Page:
They started the year with two regular season MVP position players and one World Series MVP in the lineup. Then Mookie Betts injured his hip, Corey Seager broke his hand, and Cody Bellinger basically stank.

They also started the year missing two players whose absence would later haunt them. The front office let clutch heroes Kiké Hernández and Joc Pederson both walk through free agency, and never really replaced them.

It was perhaps no coincidence that, earlier in October, on a night when the Dodgers were shut out by the San Francisco Giants in the National League Division Series, Hernández’s bat was winning a playoff series for the Boston Red Sox and Pederson’s bat was winning a playoff game for the Braves.

The Dodgers were eliminated from the postseason after losing NLCS Game 6 to the Atlanta Braves. Dodgers manager Dave Roberts discusses what happened and what the offseason will bring.

The pearl-wearing Pederson will play on. The Dodgers will not.

Despite their relatively shallow roster, the Dodgers still battled through their mistakes and misfortune in the regular season to keep the heat on the surprising Giants, and after they acquired Washington Nationals stars Scherzer and Trea Turner at the late-summer trading deadline, it appeared they were ready to win a ninth consecutive National League West championship.

But in the season’s last month, the Giants seemingly never lost, and the Dodgers could never quite catch them. The Dodgers wound up losing the division by one game on the final day of the season, forcing them into a single-elimination wild-card game against the St. Louis Cardinals. They won that game on Chris Taylor’s dramatic walk-off home run, then continued the drama in the first postseason series against the rival Giants in their 131 years of competition.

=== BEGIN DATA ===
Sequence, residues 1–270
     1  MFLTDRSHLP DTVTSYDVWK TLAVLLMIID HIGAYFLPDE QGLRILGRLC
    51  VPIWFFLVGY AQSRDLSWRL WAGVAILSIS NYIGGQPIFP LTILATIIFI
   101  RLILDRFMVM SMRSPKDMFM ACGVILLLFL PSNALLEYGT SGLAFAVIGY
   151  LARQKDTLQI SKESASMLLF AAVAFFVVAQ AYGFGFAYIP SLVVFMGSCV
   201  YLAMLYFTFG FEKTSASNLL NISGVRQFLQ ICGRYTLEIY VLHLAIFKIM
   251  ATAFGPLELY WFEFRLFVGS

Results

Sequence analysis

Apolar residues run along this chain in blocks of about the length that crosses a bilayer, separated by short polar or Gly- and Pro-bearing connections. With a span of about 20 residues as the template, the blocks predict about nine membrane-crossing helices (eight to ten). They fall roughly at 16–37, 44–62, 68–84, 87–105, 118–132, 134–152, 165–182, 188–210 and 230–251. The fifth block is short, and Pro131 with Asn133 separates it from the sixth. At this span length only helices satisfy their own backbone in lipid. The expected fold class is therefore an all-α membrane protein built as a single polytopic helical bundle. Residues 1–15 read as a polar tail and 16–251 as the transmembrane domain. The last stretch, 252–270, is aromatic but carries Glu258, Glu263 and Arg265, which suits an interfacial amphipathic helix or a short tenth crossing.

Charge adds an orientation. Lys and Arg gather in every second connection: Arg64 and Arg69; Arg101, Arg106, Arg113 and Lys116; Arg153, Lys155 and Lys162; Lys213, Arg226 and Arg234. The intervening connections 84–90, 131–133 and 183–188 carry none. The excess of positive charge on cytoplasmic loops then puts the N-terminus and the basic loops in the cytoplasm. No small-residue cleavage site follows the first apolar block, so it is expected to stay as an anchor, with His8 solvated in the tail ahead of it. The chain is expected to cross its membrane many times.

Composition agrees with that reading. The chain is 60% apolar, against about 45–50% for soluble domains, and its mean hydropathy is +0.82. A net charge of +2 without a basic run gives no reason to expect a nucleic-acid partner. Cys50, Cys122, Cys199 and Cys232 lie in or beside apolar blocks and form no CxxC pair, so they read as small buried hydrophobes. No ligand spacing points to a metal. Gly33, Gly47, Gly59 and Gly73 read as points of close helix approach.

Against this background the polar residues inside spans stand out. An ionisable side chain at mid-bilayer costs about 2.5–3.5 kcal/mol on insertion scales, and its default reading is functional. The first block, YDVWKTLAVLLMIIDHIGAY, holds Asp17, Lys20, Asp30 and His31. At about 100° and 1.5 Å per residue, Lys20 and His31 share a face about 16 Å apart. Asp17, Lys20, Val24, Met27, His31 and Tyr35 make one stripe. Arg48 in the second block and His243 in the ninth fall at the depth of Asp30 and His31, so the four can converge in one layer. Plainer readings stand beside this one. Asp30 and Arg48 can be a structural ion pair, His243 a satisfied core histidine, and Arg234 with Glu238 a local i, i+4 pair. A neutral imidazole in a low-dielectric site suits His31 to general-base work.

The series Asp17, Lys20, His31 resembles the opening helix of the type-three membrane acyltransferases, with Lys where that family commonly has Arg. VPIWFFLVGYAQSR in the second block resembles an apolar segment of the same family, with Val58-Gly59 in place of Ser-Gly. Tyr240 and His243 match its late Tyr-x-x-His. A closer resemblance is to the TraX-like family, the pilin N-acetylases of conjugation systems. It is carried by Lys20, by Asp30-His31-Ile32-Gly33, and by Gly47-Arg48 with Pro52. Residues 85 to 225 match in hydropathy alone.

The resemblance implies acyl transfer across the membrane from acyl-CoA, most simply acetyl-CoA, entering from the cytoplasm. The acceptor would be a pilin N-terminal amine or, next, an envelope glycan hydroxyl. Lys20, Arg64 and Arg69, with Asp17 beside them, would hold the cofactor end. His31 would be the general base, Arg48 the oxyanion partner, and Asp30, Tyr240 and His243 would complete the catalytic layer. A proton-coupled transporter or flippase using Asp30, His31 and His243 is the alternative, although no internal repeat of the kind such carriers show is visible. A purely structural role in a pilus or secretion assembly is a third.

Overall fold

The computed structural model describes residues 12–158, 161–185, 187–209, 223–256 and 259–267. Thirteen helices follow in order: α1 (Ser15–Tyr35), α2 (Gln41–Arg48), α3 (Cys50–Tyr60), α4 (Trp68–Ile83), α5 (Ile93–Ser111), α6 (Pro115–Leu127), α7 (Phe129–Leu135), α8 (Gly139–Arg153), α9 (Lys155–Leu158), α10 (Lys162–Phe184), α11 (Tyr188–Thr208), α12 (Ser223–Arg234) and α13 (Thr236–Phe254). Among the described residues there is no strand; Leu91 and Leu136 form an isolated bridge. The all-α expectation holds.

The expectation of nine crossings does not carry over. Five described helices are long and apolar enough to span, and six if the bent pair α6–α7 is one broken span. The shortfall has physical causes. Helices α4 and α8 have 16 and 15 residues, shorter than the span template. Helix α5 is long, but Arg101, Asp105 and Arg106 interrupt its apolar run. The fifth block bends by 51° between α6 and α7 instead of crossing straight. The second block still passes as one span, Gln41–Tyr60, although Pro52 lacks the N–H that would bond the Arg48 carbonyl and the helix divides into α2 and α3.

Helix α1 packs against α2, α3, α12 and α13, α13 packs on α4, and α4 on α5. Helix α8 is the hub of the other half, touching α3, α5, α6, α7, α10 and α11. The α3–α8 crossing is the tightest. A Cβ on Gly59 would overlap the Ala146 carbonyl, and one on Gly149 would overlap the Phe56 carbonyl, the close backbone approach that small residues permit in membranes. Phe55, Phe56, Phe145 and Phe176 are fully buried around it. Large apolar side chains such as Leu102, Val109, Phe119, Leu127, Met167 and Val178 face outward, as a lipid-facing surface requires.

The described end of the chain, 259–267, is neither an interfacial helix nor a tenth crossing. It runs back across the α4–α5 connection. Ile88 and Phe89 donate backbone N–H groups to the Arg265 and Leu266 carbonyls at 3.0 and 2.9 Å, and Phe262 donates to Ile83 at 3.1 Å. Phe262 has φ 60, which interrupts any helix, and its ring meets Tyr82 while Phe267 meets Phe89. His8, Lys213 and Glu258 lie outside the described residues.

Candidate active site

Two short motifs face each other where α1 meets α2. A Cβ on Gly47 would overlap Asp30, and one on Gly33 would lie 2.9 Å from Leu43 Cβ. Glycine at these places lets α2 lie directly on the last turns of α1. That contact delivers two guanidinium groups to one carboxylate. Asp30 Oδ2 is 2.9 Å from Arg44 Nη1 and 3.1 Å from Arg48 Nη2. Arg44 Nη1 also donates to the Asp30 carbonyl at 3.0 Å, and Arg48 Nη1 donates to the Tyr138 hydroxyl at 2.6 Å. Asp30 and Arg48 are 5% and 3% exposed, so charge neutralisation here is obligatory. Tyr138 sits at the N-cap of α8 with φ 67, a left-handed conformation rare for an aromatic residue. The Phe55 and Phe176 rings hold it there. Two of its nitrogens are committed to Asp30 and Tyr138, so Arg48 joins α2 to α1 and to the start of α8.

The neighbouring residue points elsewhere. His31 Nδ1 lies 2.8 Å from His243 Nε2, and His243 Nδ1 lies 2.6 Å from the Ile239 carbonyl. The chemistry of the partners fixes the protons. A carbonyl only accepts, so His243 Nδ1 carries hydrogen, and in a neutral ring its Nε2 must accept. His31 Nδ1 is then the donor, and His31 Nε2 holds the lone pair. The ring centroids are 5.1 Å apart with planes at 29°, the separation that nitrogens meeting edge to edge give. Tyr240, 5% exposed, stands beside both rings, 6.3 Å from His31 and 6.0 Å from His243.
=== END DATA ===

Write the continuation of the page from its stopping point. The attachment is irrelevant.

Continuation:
The Dodgers won that National League division series in a winner-take-all fifth game that ended deliciously with Cody Bellinger’s ninth-inning single in San Francisco’s Oracle Park, but it turns out, the emotion consumed them and the stress overwhelmed them.

The Dodgers beat the Giants, but, truth be told, the Giants series actually beat them.

By the time they arrived in Atlanta for the start of the National League Championship Series against the Braves, the Dodgers were exhausted, and it showed. Even though the Dodgers won 18 more games than the Braves during the regular season, they weren’t sharp enough to capitalize on their seeming superiority

In the first game, they lost in the bottom of the ninth after Taylor committed a baserunning blunder. In the second game, they blew a lead and lost in the bottom of the ninth again after Manager Dave Roberts wrongly allowed starter Julio Urias to pitch in a high-pressure relief situation for the first time this season.

“I think we’re tired and ready to get home,” said Taylor after the Game 2 loss.

When the series returned to Los Angeles, the Dodgers won two out of three games including stealing a stirring comeback win in Game 3 on Bellinger’s three-run, eighth-inning home run and Betts’ ensuing RBI double.

They then used three home runs from Taylor to win Game 5 and send it back to Atlanta. But it was all too much, as evidenced by Mookie Betts’ quotes before Game 5.

“Well, we got a couple injuries, I mean, I think that’s the main thing is having, being down a starter,” he said. “Obviously going into this series … we were kind of behind the eight ball at the start.”

In the end, baseball’s defending World Series champions had a successful year in the standings but an abbreviated appearance in the postseason, and thus by their high standards this season must be considered a failure.

Nobody will actually chant this, but the truth will remain through a long cold winter.